While Qantas Group’s domestic market share remains higher than pre-pandemic levels, resurgent rivals are eroding its dominance. 

As at the end of March this year, the group — comprising Qantas, regional arm QantasLink and low-cost unit Jetstar — captured about 69% market share, down about five percentage points from December 2020. 


Source: Wikimedia Commons

Qantas captured about 69% domestic market share in the quarter ended 31 March.

Still, this is higher than the 60% market share it held in March 2019, data from the Australian Competition and Consumer Commission’s (ACCC) domestic airline competition report shows. 

On domestic routes between larger cities, Virgin Australia, which exited voluntary administration under new owners Bain Capital in late 2020, saw market share climb to 33%, up around three percentage points quarter on quarter. The ACCC notes that this was still lower than the pre-pandemic 41%. 

Meanwhile, Regional Express, which launched mainline domestic services in March, gained 1% market share. 

The quarterly report also indicates that Australian domestic travel demand continues to swing upward. 

At end-March, domestic carriers flew about 2.7 million passengers, the highest monthly figure reported in nearly a year, when the pandemic first swept across the country. Compared to March 2019, it was down about 45%, a slower decline compared to previous quarters. 

The ACCC also notes that interstate travel, which recorded strong growth during the quarter, will “continue to drive recovery” in the domestic market, following the easing of state border curbs. 

The ‘Golden Triangle’ network of Sydney, Melbourne and Brisbane were the top three routes for the quarter, mirroring pre-pandemic trends. Still, the ACCC states that capacity remains lower than 2019 levels. 


On the busy Sydney-Melbourne sector, the commission notes that “growing competition…has provided significant benefits to consumers, with economy airfares falling to their lowest levels in a decade”.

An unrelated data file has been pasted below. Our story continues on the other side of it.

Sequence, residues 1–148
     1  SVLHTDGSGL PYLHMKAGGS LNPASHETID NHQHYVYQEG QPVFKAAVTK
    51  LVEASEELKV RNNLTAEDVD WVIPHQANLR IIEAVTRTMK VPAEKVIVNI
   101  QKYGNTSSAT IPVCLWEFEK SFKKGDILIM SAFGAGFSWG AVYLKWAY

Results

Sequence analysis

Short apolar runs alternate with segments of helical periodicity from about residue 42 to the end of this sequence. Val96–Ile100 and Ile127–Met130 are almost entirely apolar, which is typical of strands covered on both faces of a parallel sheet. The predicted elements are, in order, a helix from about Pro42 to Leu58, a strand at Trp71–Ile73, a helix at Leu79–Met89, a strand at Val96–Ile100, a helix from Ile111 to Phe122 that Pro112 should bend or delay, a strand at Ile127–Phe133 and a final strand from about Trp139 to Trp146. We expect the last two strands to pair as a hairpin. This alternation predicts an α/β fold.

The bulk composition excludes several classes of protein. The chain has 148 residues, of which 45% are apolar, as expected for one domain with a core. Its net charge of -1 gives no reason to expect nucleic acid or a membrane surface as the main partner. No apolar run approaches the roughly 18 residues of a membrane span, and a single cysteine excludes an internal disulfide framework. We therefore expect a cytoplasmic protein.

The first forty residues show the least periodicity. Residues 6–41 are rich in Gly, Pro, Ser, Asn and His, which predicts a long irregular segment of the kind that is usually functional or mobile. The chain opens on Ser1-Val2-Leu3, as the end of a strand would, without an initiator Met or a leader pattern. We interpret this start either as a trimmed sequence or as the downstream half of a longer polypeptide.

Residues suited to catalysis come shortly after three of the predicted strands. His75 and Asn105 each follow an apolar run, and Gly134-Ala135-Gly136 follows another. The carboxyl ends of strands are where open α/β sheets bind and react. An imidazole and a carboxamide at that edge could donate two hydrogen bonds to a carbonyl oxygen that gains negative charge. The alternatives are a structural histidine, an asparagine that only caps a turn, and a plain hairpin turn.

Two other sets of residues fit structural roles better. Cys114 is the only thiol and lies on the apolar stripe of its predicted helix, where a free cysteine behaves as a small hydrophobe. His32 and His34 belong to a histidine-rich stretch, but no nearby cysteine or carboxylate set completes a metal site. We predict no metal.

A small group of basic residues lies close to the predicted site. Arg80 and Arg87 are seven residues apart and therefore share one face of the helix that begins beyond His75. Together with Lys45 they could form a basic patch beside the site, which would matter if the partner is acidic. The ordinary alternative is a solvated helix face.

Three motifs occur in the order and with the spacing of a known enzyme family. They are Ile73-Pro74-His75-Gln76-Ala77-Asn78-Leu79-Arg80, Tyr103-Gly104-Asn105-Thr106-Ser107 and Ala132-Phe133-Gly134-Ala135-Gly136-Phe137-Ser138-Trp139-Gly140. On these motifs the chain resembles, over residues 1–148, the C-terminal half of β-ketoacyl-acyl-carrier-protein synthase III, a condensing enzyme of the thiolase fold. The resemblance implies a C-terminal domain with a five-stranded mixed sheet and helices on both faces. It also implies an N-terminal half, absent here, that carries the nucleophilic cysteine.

It attributes the fall to Rex’s entry into the highly-competitive route, first in December when it started selling tickets for the route, then again in March, when its first flight took off. 

However, the ACCC adds: “While the Sydney-Melbourne route had once again become Australia’s busiest route, it is making a slower recovery from the pandemic than other routes.” 

In March, only 323,000 passengers flew on the route, representing just 43% pre-pandemic levels. The ACCC states that this was because the two cities had the “most disruptive Covid-19 outbreaks for the airline sector”. Melbourne and the state of Victoria, for instance, went through three lockdowns — two of them lengthy — since 2020, while Sydney locked down in December 2020, hurting potential holiday recovery. 

Furthermore, domestic recovery has been driven by “strong demand for leisure routes” — such as to Gold Coast and Sunshine Coast —and not on business travel sectors like Sydney-Melbourne. 

“Despite the relatively slower recovery in demand, the airlines have been bringing back capacity onto the route. Rex’s entry has contributed to some of this capacity, but most of it has been from the established airlines of Qantas, Jetstar and Virgin Australia,” the ACCC adds. 

The commission’s report comes on the back of burgeoning domestic travel demand, which has seen Australian carriers rapidly expanding capacity and networks.

Qantas, for example, has redeployed its Boeing 787-9s, which usually operate long-haul, intercontinental routes, on domestic flights.